, Volume 260, Issue 9, pp 2414-2416,
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Exome sequencing expands the mutational spectrum of SPG8 in a family with spasticity responsive to l-DOPA treatment

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Dear Sirs,

Hereditary spastic paraplegias (HSPs) are clinically and genetically heterogeneous. Pure forms are characterized primarily by progressive spasticity and weakness of the lower limbs. Complicated forms, however, involve neuronal systems other than corticospinal tracts, namely peripheral nerves, and sensory or cerebellar pathways [2]. At least 52 loci and 31 causative genes are known, and thus a gene-by-gene diagnostic approach is becoming impractical. For the 19 autosomal dominant forms (AD-HSPs), 11 genes are known, with SPG4 being by far the most common subtype (40–45 % AD-HSP cases) [4]. The vast heterogeneity in HSP makes a genetic diagnosis difficult and expensive. Many research groups have used gene panels or targeted sequencing but the rapid growth and frequent identification of new genes makes this difficult.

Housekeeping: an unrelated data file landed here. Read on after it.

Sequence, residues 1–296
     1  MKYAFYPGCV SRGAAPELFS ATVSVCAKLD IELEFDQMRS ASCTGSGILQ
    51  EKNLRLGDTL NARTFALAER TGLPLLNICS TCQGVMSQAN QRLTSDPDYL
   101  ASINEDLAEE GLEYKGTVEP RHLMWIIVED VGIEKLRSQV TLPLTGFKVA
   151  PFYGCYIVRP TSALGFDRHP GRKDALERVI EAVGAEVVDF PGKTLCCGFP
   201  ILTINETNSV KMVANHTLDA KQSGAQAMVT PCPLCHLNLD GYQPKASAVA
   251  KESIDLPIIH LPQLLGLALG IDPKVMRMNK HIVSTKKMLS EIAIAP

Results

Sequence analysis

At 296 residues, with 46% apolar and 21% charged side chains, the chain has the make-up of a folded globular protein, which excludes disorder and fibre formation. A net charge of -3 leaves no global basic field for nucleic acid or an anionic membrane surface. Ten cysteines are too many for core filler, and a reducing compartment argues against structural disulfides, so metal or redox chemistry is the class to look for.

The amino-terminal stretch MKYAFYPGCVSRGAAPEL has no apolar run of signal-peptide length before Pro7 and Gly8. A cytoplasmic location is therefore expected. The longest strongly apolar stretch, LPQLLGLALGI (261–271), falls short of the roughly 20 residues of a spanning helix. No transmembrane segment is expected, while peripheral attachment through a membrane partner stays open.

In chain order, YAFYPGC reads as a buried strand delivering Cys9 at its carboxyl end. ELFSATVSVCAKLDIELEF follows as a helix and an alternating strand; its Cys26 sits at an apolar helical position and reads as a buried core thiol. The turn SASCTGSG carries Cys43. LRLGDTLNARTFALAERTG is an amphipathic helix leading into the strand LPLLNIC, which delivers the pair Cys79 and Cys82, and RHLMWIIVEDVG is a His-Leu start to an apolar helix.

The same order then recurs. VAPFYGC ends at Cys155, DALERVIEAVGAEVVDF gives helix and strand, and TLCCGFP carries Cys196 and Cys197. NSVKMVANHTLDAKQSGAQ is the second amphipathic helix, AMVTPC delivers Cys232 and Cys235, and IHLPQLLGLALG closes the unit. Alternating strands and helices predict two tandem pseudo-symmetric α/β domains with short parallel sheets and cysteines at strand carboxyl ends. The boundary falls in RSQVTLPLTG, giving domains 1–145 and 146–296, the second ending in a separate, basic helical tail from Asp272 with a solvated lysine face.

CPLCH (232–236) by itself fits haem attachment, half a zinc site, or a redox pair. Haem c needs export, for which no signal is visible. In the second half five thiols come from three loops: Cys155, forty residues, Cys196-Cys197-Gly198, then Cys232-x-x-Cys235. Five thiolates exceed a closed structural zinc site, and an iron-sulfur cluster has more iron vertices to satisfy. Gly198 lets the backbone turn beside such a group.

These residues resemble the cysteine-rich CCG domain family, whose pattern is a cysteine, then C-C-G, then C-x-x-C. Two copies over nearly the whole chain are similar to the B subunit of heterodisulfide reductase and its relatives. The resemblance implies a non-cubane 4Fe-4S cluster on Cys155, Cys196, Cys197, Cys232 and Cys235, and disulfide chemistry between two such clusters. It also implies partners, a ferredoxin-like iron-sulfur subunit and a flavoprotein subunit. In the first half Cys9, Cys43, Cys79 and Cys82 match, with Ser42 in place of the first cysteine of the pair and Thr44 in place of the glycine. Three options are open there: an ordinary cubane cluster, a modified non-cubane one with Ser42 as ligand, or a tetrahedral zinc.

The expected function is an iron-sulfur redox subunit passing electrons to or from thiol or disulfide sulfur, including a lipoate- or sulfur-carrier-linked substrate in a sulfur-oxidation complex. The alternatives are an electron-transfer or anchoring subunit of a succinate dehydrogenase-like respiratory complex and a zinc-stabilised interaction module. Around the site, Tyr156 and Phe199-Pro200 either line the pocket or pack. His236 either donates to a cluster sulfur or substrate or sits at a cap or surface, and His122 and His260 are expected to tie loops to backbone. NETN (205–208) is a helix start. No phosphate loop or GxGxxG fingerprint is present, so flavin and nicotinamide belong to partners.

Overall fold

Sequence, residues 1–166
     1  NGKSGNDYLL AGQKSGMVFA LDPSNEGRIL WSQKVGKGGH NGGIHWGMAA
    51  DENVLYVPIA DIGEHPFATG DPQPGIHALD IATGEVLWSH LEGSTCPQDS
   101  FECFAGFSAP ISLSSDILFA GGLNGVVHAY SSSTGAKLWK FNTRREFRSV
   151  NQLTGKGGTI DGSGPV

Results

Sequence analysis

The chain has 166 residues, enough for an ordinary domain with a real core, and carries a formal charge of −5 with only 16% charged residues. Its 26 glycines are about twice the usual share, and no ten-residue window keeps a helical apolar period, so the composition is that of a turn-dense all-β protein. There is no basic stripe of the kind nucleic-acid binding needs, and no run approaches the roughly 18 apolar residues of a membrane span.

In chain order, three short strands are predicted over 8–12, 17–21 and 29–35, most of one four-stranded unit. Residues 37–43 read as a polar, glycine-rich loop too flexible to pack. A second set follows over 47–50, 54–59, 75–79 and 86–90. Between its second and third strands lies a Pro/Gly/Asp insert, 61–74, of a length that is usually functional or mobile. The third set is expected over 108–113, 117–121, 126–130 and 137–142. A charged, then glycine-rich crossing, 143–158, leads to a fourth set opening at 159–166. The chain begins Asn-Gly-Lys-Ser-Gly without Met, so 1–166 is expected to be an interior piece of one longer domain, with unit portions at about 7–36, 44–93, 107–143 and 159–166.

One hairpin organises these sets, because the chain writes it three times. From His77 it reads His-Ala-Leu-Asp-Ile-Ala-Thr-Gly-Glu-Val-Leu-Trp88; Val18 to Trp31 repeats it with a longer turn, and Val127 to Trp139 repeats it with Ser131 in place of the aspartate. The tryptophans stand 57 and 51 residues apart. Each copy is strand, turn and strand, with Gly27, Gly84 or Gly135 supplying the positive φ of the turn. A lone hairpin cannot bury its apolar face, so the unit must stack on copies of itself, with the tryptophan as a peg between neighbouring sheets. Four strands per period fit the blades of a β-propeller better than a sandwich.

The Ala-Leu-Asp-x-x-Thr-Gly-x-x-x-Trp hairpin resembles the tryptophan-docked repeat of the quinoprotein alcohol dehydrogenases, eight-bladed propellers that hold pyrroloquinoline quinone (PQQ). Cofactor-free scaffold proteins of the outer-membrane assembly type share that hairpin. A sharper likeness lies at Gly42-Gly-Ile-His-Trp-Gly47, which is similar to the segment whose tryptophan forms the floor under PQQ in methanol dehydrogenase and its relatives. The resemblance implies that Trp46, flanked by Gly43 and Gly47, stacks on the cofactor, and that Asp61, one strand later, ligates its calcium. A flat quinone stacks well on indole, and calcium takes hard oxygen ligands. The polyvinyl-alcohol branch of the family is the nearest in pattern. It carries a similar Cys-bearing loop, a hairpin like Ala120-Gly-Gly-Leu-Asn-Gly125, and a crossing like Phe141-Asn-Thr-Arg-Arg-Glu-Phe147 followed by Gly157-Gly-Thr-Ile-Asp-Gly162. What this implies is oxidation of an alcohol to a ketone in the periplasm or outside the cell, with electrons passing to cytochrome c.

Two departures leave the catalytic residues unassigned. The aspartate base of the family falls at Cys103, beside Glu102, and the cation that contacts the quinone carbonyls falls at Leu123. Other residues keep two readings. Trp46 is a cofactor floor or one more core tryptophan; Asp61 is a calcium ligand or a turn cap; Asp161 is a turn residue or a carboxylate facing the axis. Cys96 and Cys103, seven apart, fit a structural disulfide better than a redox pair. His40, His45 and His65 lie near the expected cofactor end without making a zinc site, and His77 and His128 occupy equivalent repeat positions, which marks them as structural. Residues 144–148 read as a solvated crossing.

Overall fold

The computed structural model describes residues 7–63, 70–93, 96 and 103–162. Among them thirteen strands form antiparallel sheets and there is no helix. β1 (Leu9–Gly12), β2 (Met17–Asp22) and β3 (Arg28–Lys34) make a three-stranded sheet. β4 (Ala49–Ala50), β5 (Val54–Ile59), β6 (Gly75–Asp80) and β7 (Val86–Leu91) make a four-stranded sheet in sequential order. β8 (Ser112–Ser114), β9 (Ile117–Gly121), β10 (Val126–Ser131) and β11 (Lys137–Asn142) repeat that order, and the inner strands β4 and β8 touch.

We studied a female patient presenting familial spastic paraplegia with sensory axonal neuropathy, compatible with AD inheritance (Fig. 1a). At the age of 10 years